crossing lines. w r i t t e n b y lisa c re ga n
p h o t o g r a p h y b y to n y s o l u r i
mathematicians often cite the spiral of a nautilus shell as an example of proportional perfection.
So it’s logical that when Chicago architect and designer Scott Himmel wants to visualize a project, he draws a spiral with three lines cutting through it. “One line represents the client’s desires, another the budget and finally, the constraints of the existing space,” he says. “When we get to the center of the spiral—the place where those three lines intersect—I know we’ve got it.” Budget seems an unlikely constraint in this sprawling River North penthouse on the 47th floor, but the homeowner, an outdoor advertising entrepreneur, was well served by the other two lines in Himmel’s diagram. Not only is the apartment’s design perfectly suited to the owner’s tastes (and somehow makes a city block-sized space feel intimate), it has held up beautifully to that most strenuous of décor transitions—from single living to newly married. “There’s something about the way Scott thinks,” says the homeowner. “He translated exactly what I wanted into this home and then later, exactly what my wife wanted.” The owner’s original wishes included the usual bachelor must-haves, such as the masculine-styled office modeled after a famous smoking lounge designed by Jean-Michel Frank in 1930s Paris. Its walls are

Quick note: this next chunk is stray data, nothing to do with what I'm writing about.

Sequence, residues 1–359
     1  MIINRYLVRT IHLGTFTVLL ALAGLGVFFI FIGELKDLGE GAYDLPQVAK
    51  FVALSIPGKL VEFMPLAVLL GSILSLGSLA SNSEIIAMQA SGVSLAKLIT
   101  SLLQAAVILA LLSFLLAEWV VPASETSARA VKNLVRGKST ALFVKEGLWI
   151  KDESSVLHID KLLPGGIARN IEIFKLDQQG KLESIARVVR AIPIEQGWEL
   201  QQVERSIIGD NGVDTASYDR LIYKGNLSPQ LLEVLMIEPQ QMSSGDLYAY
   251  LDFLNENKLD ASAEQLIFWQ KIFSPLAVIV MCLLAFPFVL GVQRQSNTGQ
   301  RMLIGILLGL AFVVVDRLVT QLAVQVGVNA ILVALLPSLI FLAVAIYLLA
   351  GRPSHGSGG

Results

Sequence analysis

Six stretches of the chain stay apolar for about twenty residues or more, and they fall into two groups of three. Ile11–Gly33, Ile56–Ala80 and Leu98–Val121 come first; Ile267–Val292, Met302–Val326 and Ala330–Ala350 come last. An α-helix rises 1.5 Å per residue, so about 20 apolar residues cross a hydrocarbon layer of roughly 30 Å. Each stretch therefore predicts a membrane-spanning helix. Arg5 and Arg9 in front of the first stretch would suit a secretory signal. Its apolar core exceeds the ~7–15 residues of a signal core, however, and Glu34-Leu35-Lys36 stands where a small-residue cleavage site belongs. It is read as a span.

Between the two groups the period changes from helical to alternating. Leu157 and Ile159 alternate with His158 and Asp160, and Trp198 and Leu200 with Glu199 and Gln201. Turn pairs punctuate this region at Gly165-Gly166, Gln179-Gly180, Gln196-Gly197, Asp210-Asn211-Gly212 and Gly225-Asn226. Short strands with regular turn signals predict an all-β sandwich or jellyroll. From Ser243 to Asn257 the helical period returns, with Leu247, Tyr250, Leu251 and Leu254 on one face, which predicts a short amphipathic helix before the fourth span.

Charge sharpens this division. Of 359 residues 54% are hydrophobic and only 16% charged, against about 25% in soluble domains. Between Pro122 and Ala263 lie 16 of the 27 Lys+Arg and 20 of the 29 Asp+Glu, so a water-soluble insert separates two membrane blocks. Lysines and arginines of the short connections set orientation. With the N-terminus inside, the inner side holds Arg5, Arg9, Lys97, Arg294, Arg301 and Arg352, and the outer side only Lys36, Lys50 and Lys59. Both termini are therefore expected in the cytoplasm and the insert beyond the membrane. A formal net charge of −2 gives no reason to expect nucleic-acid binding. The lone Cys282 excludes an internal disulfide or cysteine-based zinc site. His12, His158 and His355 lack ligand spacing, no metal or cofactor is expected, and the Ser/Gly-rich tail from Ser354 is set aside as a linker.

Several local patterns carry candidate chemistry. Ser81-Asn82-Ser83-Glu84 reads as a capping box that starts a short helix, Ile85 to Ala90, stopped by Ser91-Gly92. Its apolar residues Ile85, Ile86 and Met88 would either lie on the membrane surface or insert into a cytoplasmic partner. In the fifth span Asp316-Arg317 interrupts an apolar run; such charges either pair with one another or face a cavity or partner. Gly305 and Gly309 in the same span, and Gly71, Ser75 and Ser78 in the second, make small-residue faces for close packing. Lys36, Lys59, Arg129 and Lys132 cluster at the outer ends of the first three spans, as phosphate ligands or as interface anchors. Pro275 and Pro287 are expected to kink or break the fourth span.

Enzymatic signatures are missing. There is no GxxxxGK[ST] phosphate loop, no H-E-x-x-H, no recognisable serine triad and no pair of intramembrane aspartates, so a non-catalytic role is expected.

architecture Scott Himmel, Scott Himmel Architect P.C. interior design Scott Himmel, Scott Himmel Architect P.C. bedrooms 3
square feet 8,200